Indiana District Attorneys

They represent the state and bring those accused of crimes to trial unless a plea bargain is made. While states have different names for the district attorney, the function is the same. In Indiana, district attorneys are called “prosecutors."

A district attorney prosecutes crimes that occur in their district. These legal officials play a vital role in the criminal justice system. 

Every county in Indiana has a prosecutor. Indiana prosecutors don't strictly represent a single county. Instead, they serve specific judicial circuits. Some of the circuits span more than one county. Prosecutors in Indiana are elected to four-year terms.

The Role of the Prosecuting Attorney

The prosecutor is primarily responsible for enforcing the criminal laws of the State of Indiana. They prosecute many types of cases, ranging from misdemeanors to felonies committed within their judicial circuit.

Prosecutors are also responsible for:

  • Conducting criminal investigations
  • Overseeing grand jury proceedings
  • Handling traffic violation cases
  • Prosecuting juvenile offenders
  • Training law enforcement on state criminal and traffic laws and changes to those laws
  • Enforcing child support orders and establishing paternity
  • Assisting victims
  • Investigating abuse, neglect, and exploitation of at-risk adults

The Role of the Grand Jury in the Prosecutor's Toolkit

While a grand jury isn't always convened in every case, it's an essential tool used at the prosecutor's discretion.

The grand jury can be a powerful investigative tool for the prosecution to determine whether to proceed with criminal charges. The grand jury serves as a preliminary body that can issue subpoenas and interview witnesses to assess if there is probable cause for criminal charges. Unlike a regular jury, a grand jury doesn't decide guilt or innocence. But it helps prosecutors determine whether a case has sufficient evidence to proceed to trial. All a grand jury needs to find is that there is probable cause to support criminal charges. That standard of proof is far lower than the beyond a reasonable doubt that the prosecution needs to prove at a criminal trial.

This feature makes the grand jury a strategic asset in a prosecutor's responsibilities. It allows the prosecutor to test the strength of evidence and gain information. This can either strengthen the state's case or indicate that charges should not be pursued.

Contacting the Prosecutor

You may be considering contacting the prosecutor for a plea bargain. Plea deals are an important part of the district attorney's job. Such deals free up court resources and can provide a better result for a defendant when the state has a strong case. Before contacting the prosecutor, it's best to talk to a criminal lawyer. They can provide legal advice and represent you in talks with the prosecutor and in court.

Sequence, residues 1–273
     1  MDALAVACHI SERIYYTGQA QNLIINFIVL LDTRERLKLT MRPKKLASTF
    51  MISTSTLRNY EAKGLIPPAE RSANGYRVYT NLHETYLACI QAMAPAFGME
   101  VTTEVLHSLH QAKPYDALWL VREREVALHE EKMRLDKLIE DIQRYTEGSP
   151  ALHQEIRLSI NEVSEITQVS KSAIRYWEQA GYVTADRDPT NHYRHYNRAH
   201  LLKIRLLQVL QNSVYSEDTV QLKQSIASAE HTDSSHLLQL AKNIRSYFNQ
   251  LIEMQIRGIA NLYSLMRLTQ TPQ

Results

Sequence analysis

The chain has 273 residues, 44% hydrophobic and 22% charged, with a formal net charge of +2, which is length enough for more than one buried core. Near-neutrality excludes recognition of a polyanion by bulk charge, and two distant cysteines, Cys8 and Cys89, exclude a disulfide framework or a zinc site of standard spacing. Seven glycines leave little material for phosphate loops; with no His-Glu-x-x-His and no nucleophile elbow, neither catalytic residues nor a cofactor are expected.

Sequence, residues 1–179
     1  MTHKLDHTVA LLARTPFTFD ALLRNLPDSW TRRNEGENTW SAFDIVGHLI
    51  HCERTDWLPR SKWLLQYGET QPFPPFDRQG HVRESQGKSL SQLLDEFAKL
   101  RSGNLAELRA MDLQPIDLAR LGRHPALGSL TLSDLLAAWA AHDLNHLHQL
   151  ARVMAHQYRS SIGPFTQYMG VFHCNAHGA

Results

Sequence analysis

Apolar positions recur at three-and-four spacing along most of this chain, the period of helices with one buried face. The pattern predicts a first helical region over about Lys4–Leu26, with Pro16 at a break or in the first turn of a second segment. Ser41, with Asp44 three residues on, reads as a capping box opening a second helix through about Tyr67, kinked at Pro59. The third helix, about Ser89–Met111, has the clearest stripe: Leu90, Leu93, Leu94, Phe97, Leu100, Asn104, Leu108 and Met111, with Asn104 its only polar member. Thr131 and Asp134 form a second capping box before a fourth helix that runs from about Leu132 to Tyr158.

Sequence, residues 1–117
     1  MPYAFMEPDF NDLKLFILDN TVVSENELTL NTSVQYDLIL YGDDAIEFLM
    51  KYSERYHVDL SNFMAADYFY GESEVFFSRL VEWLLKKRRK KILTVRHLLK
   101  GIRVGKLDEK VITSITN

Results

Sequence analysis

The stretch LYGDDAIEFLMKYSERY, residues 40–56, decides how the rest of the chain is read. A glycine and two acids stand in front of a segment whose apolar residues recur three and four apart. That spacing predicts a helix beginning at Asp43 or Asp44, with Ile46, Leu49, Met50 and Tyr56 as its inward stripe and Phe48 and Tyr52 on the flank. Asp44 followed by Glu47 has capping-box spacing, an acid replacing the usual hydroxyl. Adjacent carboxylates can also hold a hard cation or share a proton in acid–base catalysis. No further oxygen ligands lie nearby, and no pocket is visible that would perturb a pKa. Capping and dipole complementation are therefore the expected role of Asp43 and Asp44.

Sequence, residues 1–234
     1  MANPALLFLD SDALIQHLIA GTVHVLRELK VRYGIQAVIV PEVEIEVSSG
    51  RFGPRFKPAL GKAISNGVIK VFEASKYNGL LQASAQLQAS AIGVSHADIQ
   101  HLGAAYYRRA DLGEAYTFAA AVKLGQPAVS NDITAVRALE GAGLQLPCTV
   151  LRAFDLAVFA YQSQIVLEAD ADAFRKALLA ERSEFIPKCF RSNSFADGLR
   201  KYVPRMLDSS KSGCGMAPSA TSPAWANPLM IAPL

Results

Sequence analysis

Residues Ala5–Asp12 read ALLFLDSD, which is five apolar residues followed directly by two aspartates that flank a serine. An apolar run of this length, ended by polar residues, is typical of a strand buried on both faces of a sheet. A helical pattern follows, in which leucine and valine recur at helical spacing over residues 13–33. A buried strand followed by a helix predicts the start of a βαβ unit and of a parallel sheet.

If you can afford to hire an attorney, you should do so as soon as possible. If you can't afford an attorney, you might have other options for legal help.

Indiana Public Defender

The state of Indiana offers various resources for legal representation, especially for those who can't afford a private attorney. Public defender services are available at the county, state, and federal levels. But some counties may not have a designated public defender's office. If that is the case, you can get information on obtaining a public defender from the court where the charges were filed.

Eligibility for a Public Defender

  • Juveniles: If they don't already have legal representation, youths facing delinquency charges are automatically entitled to a court-appointed public defender
  • Adults: If you're an adult facing criminal charges or involved in a case concerning the removal of your children and cannot afford a lawyer, you are eligible for a public defender to handle your legal issues

To obtain the services of a public defender:

  • Inform the judge that you cannot afford a private attorney
  • Request a public defender
  • Supply the court with financial information to prove your inability to pay for private legal services

Federal Public Defenders

Federal public defenders are criminal defense attorneys who represent people with low income charged with federal crimes. These lawyers work for their clients and not the courts.

Additional Legal Resources

  • Indiana Legal Help: This service is operated by the Indiana Bar Foundation. It offers self-represented people legal information on topics such as family law, domestic violence, housing, healthcare, and expungement, among others.
  • Indiana Legal Services (ILS): This nonprofit law firm provides free civil legal assistance to qualified Indiana residents with low income.

The Indiana Attorney General

The Attorney General (A.G.) is the chief legal officer for the people of Indiana. The A.G. is responsible for protecting the public interest. It litigates on behalf of the state, bringing both criminal and civil lawsuits.

The A.G. also has advocacy programs to protect children, consumers, and the environment and help crime victims.

Indiana State Prosecutors

The chart below provides helpful links to Indiana prosecutors by county.

Note: Although we strive to provide the most current contact and website information available for the D.A. offices in this state, this information is subject to change. If you have found contact or website information that is not current, please contact us.

Get Help From an Indiana Criminal Defense Lawyer

If you've been arrested and charged with a misdemeanor or felony, you're likely concerned and want answers. You can get a case evaluation and answers to your questions from an experienced criminal defense attorney. Contact a local criminal defense attorney who can provide legal advice regarding your criminal case.

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